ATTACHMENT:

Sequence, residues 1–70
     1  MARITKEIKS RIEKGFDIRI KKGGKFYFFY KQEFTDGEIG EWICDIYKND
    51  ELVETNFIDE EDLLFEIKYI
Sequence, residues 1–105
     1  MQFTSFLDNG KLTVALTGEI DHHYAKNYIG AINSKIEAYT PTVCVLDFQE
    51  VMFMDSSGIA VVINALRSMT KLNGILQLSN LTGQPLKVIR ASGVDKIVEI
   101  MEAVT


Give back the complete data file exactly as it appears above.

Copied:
Sequence, residues 1–70
     1  MARITKEIKS RIEKGFDIRI KKGGKFYFFY KQEFTDGEIG EWICDIYKND
    51  ELVETNFIDE EDLLFEIKYI
Sequence, residues 1–105
     1  MQFTSFLDNG KLTVALTGEI DHHYAKNYIG AINSKIEAYT PTVCVLDFQE
    51  VMFMDSSGIA VVINALRSMT KLNGILQLSN LTGQPLKVIR ASGVDKIVEI
   101  MEAVT